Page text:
Blockchain is here as a future economic foundation. According to Gartner, the business value-add of blockchain will grow to slightly more than $176 billion by 2025, and then it will exceed $3.1 trillion by 2030. It is vital that as with all new economies foundations that it grows in tandem with standards… Europechain has developed a systematic solution to enable blockchain services to be compliant with the GDPR standard.
Blockchain obviously has not been the focus of the people that drafted the GDPR. It simply wasn’t there yet. The GDPR is written with some sort of central control in mind. That is not how blockchain is supposed to work. The consequences of that and the way Europechain deals with that are detailed in this blogpost.
One can give many rights to a human, but without knowing against whom he or she may invoke them, rights don’t mean anything. Therefore the GDPR introduces the “data controller”, That is the person towards whom the people may turn. A GDPR “data controller” basically controls the data. It determines the “what” and “how” of the use of the data. E.g. if a company stores and uses data to communicate with its clients, such company “controls” such use and is the controller. If a controller hires other parties to help him with the processing, those hired hands are called: “data processors”. “Use”, “store” and many other actions regarding data are called “processing” in the GDPR.
How does this work with blockchain? If a company uses blockchain to run software (dApps) that company is the controller for the data which the dApp processes. Is the blockchain the hired hand? The “data processor”? There is no contract between the dApp and the “blockchain”. The blockchain is not an entity but software runs decentrally. Nodes are often not known. The company just launches the dApp. So it is unclear. Yet the blockchain is not a controller: it just performs instructions from the dApp.
And what about the data the blockchain processes without a dApp? Processing such as transferring tokens and storing transactions? The blockchain should be data controller. But the blockchain is not an entity. Are in that event all the nodes controllers? But they don’t “control”. They just mine. How could they be controller? Blockchain is made to not have control.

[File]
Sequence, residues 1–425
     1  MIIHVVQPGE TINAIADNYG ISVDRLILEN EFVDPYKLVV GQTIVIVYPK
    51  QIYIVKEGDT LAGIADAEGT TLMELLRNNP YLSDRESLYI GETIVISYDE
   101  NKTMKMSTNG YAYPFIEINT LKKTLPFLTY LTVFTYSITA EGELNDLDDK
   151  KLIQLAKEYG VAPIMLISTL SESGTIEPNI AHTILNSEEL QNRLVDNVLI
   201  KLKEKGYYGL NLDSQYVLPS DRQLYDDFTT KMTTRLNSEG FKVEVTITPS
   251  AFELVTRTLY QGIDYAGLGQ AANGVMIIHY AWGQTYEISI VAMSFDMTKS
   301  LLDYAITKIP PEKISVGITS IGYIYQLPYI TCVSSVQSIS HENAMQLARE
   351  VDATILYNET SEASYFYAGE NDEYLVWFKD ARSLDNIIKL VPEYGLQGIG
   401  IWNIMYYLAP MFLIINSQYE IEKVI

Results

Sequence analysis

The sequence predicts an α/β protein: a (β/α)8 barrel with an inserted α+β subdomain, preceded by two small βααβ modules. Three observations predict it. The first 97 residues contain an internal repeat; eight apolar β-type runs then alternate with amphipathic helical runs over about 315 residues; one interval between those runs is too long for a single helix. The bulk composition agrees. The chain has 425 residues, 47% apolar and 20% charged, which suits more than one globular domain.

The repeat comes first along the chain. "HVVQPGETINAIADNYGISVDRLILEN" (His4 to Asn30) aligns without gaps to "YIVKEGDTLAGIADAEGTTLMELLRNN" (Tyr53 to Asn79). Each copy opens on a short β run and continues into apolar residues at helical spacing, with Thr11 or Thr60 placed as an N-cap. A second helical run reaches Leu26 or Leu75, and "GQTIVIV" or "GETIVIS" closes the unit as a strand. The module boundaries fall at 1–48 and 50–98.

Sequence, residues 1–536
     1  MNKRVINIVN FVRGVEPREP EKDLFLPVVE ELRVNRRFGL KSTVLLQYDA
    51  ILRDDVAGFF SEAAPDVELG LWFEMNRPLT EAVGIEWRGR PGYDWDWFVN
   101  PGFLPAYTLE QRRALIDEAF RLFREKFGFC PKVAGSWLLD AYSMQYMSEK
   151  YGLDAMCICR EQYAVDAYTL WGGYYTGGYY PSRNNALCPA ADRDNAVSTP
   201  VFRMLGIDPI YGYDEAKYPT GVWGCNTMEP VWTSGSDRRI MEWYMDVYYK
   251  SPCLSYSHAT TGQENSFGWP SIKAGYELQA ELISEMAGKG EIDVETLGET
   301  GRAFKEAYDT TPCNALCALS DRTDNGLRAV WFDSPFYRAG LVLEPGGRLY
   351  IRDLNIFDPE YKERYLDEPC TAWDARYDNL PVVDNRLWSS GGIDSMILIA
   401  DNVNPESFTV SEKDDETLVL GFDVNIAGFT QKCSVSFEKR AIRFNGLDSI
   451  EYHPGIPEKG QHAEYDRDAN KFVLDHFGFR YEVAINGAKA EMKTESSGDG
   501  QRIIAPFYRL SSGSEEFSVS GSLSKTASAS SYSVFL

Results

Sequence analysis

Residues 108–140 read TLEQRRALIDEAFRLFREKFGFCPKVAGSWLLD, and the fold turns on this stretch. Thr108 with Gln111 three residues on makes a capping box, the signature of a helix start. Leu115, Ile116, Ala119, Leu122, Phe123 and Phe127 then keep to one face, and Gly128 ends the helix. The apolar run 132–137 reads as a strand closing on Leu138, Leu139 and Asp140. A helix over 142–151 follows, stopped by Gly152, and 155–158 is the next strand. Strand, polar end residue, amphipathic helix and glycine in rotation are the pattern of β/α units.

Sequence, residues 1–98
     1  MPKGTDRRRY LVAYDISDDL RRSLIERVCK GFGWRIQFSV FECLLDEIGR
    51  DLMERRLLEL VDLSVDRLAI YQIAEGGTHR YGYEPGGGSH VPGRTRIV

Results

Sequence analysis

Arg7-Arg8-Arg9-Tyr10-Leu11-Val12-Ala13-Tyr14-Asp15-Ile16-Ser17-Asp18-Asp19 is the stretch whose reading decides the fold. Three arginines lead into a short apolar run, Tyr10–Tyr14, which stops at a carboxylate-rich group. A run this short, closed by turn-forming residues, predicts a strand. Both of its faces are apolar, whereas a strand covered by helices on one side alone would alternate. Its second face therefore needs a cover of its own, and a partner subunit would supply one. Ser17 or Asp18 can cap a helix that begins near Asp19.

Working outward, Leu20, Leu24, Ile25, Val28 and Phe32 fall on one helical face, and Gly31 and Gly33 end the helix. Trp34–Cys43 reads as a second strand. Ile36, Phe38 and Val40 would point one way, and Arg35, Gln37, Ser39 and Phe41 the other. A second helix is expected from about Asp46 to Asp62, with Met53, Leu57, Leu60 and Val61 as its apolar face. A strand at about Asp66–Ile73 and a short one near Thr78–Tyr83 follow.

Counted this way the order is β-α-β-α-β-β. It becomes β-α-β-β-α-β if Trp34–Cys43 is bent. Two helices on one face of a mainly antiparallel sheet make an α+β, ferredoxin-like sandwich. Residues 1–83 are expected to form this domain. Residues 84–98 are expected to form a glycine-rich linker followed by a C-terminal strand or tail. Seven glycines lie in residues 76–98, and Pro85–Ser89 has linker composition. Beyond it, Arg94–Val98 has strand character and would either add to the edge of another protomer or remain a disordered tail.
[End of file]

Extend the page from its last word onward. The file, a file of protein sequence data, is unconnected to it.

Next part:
A safe conclusion therefore is, that it is impossible for a public permissionless blockchain to establish or even determine the controller and processor. For this reason alone such blockchain, can never be GDPR compliant.
A GDPR compliant public blockchain is possible but it needs some form of centralization and control. There must be an entity where the people can turn to with their questions and demands. Also this entity needs to ensure that sensitive personal data is not stored on chain. This entity needs to have enough powers to ensure GDPR compatibility but not so many that it could tamper with the blockchain’s immutability and threaten the very core of blockchain technology.
There are many blockchains that have central entities involved. Often a foundation that decides on e.g. code upgrades. Or that establishes some sort of conflict resolution or decides on funding. It is possible to give that entity enough controlling powers to make it the controller – if the software and its concrete set up, allows for that.
Europechain, built on EOS.IO DPOS software, is an example of a set up that is compatible in this respect. As with everywhere else, with Europechain the dApps are data controllers. They must conclude a processing agreement with the limited liability company Europechain B.V. which will be the data processor. Before dApps are allowed on chain, they will have to prove that they will not store sensitive data on chain.
Europechain B.V. concludes sub-processor agreements with all the nodes (the block producers). Without concluding a (sub)processor agreement, a party cannot run a dApp or become a node. If there is no dApp (e.g. in the event of token transfers on the base layer) Europechain B.V. is controller. In that event the nodes are not sub-processors but processors. The agreements are drafted such that they allow for that. The agreements have dispute resolutions in them so that the powers of Europechain B.V. are in check and the nodes can be easily forced to comply with Europechain B.V.’s instructions.
This set up allows for adequate control to ensure the people are informed and are able to submit their request with a competent identity. Further, this allows for the contractual infrastructure required under the GDPR. Given that the powers Europechain B.V. has are tailored to its position as a data controller (which is basically to apply the law that is already there) and given that they are kept in check by the dispute resolution system, there is no way Europechain B.V.’s position may endanger the blockchain core values.
Europechain’s setup proves it is possible to find the right balance. A balance that is necessary for blockchain to become a mainstream infrastructure.
Amsterdam, 15 November 2019